A Bit About Process

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What I do and how I do it

I work to understand the problem in front of me, then identify a path towards a solution using some combination of tools and process I’ve learned over the years.

First step is to get context. In order to prevent a product (or suite of products) from becoming simply a collection of features I need to understand the overarching strategic goals: what is the overall vision and what will differentiate our offering? Then, by employing straightforward HCI rigor with sound design principles we can collaborate as a team to build and release something in service of this vision that’s of value to both users AND the business (“feasible viable desirable.”). I’ve outlined the phases of this process below.

Insight: Discover & Define

You need to understand a problem in order to design a solution. So it’s important to first answer the who, what, where, when, and why before addressing the how.

The initial phase involves listening and observing in order to understand business goals and learn about stakeholders, users, the brand, and the state of any existing products.

Activities

  • Stakeholder interviews 

  • User interviews

  • Market and usability research 

  • Competitive analyses 

  • Content inventory and audits 

  • Card sorting and affinity mapping

Using my findings from this Discovery phase I’m able to sum up users’ goals, aspirations & needs, motivations, and frustrations, and from there develop experiences that help further define the original problem.

Artifacts

  • Initial user stories

  • Personas

  • User journeys

  • Mental models

  • Red route identification.

As this phase winds up the entire team will have a better grasp on who the target audience is and be able to focus on their needs. And goals and success criteria will be defined allowing us to begin solving the right problems.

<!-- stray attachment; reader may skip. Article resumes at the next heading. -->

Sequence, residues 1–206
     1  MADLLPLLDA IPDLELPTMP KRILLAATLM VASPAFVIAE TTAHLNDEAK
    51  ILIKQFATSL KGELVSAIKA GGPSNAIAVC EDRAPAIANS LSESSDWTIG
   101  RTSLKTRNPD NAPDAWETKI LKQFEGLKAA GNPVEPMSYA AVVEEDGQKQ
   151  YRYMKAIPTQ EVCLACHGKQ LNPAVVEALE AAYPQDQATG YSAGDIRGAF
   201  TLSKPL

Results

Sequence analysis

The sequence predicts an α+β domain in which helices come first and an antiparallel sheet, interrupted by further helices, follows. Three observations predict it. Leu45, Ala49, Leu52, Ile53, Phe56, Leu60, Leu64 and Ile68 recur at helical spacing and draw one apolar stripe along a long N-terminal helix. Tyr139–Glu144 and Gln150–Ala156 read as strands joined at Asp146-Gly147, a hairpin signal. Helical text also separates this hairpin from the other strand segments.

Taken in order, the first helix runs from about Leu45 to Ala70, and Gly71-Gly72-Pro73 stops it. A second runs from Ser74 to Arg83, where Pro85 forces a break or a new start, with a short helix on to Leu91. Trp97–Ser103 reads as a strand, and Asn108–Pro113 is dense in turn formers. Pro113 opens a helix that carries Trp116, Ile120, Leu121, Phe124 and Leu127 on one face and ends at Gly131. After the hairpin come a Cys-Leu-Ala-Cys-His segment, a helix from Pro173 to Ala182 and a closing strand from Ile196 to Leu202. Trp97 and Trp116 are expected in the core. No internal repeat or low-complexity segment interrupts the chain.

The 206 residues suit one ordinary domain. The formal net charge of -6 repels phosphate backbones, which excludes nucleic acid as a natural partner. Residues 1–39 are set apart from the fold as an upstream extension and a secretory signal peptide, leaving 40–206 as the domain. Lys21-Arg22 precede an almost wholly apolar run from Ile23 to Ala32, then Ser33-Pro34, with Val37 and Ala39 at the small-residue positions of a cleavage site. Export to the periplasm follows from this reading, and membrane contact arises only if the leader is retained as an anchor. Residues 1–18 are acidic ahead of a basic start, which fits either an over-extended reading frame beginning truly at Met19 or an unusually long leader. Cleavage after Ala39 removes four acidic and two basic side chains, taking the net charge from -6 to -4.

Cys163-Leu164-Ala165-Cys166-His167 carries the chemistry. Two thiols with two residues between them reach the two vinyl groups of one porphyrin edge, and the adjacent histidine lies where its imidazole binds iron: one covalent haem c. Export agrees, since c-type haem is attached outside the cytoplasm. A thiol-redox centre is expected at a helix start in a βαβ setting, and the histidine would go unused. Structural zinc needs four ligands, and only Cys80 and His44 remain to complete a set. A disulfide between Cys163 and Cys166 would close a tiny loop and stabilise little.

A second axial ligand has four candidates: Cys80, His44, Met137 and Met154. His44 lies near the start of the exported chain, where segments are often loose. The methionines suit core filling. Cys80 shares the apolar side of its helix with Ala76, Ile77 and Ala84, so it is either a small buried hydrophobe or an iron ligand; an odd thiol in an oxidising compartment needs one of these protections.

Creation: Ideate & Prototype

With goals now defined I develop an informed point of view (“lean hypothesis”) and start working collaboratively towards a solution. The objective is to develop and visually communicate abstract concepts to generate feedback, with the intention of uncovering usability issues and validating design decisions. This iterative phase is driven by the design team and includes all stakeholders’ input. 

Activities

  • Structured brainstorming sessions with stakeholders

  • Iterative sketching (whiteboard, pen & paper, etc.)

  • Evaluative testing and re-testing

  • Technical review and consultation

Artifacts

  • Low fidelity initial mockups

  • User Flows

  • Sitemap

  • Wireframes

  • Page descriptions with user stories

  • Interaction prototypes: rapid (pen & paper) to medium fidelity

  • Polished, engaging documentation for internal stakeholders

Execution: Refine, Implement, & Monitor

At this point in the process many of the UX design issues have been identified and solutions have been proposed and tested. The next step to determine what will be built — from the specific approach to the MVP version of that approach — and then begin handing off assets to the engineering team. This is not a cold waterfall-style handoff as all disciplines will have been involved from the start and will continue to be involved going forward. As a designer I shift to more of a support role during execution, providing documentation, clarifying intent, and addressing any necessary minor design changes. There is also considerable visual design work done on the UI refining wireframes into high fidelity comps and design specs..

After the design has been built, approved, and released I work with product owners to review metrics and evaluate how the design is performing. If something points to a flaw or an opportunity to improve, the design process repeats.

Activities

  • Solution approach selection

  • MVP review

  • UI microcopy (coordination)

  • Design team review

  • Demos for the working team

  • User feedback

  • Metrics analysis and design validation

Artifacts

  • Lean reference design 

  • High fidelity mockups (if necessary)

  • High fidelity prototypes (if necessary)

  • Redline specifications (if necessary)

  • UI Toolkit and/or Style Guide

  • Art assets (e.g.- icons)

Conclusion

This is by no means an exhaustive accounting but rather examples of processes I have personally directed or participated in and found work well. (All imagery above was authored by me.)

I work in many of the typical designer software tools including Sketch, InVision, the Adobe CC suite, Omnigraffle, Gimp, Keynote, etc., plus an ever-evolving list of productivity platforms common in most technology studios today: Slack, Jira, Confluence, Trello, Github, YouTrack, etc. I learn and use whatever tool makes sense for the job at hand with a bias towards software that bridges the gap between Design and Engineering (e.g.- Sketch preferred over Photoshop) and software that is more commonly used by non-designers (e.g.- Omnigraffle preferred over Illustrator). Basically, I feel it is essential for me to have broad & shallow experience in a lot of tools, and then commit to learning certain software when it becomes productive.